6. Analyse stylistic functions of gradation within the passage.

  7. Explain the metaphor "this hooded stranger".

  8. Characterise the stylistic function of the utterance: "It is a problem beyond the proper scope of letters", and the idea expressed in the whole extract.

Item 3

To begin with the old rigmarole of childhood. In a country there was a shire, and in that shire there was a town, and in that town there was a house.

nd in that house there was a room, and in that room there was a bed, and in that bed there lay a little girl; wide awake and longing to get up, but not daring do so for fear of the unseen power in the next room - a certain Betty, n0Se slumbers must not be disturbed until six o'clock struck, when she wakened of herself 'as sure as clockwork', and left the household very little oeace afterwards. It was a June morning, and early as it was, the room was full of sunny warmth and light.

From Mrs Gaskell's ^ Wives and Daughters Assignments for stylistic analysis

  1. Define the theme of the extract. Is it disclosed through (1st/ 3rd per­son) narration or description?

  2. Describe the tone of the extract (whether it is casual/ sympathetic/ cheerful/ serious/ humorous/ mock-serious/ lyrical/ dramatic/ excited/ agitat­ed/ passionate/ impassive/ detached/ matter-of-fact/ dry/ impartial/ melan­choly/ moralising/ unemotional/ pathetic/ sarcastic/ ironical/ sneering/ bitter/ or reproachful, etc.) and the author's attitude to the introduced characters. Explain the pragmatic peculiarity of the word "slumbers" and find stylistic devices in the following: "the unseen power in the next room — a certain Betty"; "she wakened of herself 'as sure as clockwork', and left the household very little peace afterwards". Say if there is any contrast be­tween the two girls, and whether the author resorts to direct or indirect char­acterization.

  3. Analyse the structure and the pragmatic effect of the introductory sentence. Define the stylistic essence of the phrase "the old rigmarole of childhood".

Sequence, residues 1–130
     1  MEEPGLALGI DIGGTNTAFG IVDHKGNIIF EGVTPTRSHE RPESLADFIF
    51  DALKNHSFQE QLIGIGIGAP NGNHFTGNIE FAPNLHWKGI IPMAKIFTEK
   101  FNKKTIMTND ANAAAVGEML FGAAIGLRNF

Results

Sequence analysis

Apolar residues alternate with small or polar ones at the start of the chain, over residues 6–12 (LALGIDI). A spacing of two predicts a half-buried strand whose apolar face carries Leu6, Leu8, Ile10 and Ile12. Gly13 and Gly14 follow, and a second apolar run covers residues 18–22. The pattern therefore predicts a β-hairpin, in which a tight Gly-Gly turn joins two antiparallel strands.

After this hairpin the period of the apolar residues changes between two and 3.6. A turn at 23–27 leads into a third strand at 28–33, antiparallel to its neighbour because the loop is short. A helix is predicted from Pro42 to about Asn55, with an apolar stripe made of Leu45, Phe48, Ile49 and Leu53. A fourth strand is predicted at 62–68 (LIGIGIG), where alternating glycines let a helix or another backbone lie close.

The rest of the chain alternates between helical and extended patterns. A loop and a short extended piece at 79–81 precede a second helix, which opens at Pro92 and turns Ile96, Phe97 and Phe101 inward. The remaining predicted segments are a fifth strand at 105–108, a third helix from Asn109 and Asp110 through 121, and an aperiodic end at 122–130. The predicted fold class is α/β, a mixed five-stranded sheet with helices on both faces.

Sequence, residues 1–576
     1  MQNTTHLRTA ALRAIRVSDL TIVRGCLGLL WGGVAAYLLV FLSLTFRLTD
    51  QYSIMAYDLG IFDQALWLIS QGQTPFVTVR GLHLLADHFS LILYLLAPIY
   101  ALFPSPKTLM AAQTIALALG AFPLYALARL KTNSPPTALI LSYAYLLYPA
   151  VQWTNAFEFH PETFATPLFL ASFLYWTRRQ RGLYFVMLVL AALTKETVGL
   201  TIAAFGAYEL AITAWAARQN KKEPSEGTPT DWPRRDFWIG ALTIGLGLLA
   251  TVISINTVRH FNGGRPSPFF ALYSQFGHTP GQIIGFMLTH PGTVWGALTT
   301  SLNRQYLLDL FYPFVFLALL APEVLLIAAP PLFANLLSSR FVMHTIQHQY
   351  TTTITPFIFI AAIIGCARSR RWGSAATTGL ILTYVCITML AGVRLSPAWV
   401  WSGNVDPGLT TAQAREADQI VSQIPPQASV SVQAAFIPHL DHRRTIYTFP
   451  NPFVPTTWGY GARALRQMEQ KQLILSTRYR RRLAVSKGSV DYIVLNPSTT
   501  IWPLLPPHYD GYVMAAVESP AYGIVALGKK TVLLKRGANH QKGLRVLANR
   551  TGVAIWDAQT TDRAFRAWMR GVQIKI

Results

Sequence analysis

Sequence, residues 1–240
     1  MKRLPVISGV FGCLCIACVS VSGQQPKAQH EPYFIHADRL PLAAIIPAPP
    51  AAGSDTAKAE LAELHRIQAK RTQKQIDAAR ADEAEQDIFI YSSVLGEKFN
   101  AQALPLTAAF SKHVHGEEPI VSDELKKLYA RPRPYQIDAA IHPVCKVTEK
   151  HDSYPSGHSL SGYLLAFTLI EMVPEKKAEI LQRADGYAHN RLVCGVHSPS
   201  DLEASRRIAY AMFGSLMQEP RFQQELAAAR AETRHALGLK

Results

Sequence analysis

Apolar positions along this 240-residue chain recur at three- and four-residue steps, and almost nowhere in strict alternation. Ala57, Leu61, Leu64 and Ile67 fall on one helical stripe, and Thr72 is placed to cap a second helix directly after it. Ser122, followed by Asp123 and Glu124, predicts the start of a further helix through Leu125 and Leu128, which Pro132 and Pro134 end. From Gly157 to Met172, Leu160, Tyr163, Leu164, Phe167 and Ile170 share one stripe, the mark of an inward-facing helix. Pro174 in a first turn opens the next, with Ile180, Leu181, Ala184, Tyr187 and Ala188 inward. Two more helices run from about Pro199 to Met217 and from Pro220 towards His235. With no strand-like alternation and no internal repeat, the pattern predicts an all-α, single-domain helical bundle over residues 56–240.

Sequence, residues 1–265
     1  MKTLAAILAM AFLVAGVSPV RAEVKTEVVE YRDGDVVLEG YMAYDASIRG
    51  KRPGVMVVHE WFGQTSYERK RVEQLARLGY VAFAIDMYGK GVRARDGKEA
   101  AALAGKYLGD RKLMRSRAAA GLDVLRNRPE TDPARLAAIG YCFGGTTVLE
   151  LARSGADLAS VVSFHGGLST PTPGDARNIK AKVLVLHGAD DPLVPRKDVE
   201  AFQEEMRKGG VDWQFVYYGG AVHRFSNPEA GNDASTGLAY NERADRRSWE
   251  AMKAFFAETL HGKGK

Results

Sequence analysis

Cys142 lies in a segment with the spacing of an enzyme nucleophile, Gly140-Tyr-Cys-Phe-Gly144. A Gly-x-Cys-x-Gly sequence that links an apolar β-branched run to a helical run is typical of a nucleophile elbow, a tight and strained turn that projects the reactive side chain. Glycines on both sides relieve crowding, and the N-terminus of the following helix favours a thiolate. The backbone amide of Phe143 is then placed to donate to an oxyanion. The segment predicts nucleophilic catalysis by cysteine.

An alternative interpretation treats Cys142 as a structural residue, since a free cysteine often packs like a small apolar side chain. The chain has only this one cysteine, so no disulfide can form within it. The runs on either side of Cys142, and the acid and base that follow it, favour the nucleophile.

4. Characterise all the other syntactic stylistic peculiarities of the pas­sage, analyse their functions.

  5. Define the idea expressed in the extract.

Theoretical items for independent personal consideration

  1. The text information category.

  2. Factual and conceptual information in the text content. The notion of '^plication.


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Literature recommended

  1. Борисова Л. В. Практическое пособие по интерпретации тек ста. - Минск, 1987. - С. 80-93, 10-46.

  2. Долинин К. А. Интерпретация текста (фр. яз.). - М., 1985 - г 4-142.

  3. Пелевина Н. Ф. Стилистический анализ художественного тек-ста. - М., 1980. - С. 184-187, 229-234.

Independent personal work 4 Phonetics, Etc.

Note: Measuring the rhythm of stressed and unstressed syllables alter­nation can be realized in the following metrical feet:

trochee - / S

/•^ IS /•IS\IS\IS\I

Monday, morning, thunder; Spider lumbers down the web

iamb - V /

/•/•/•/•/j*»'7| •/■]•/(•/

alive, astir, before, restart; The moon shines bright in such a night as this

dactyl - / S S

/SS/SS/SS/SS\/SS\/SS\/

Saturday, favourite, delegate; Merrily, merrily he will live now

anapaest - S V/

SS/SS/SS/SS/\SS/\SS/\SS/\S interrupt, guarantee, overlook; He was free. Was he happy? The ques­tion is absurd

amphibrach- V / У

• /••/••/••/•)•/•!•/•

umbrella, emergence, botanic; We call it the bottom of hardships

spondee - //

/_/-/_/-|/_|//

get up, maintain, jump on; He will read this, strong wish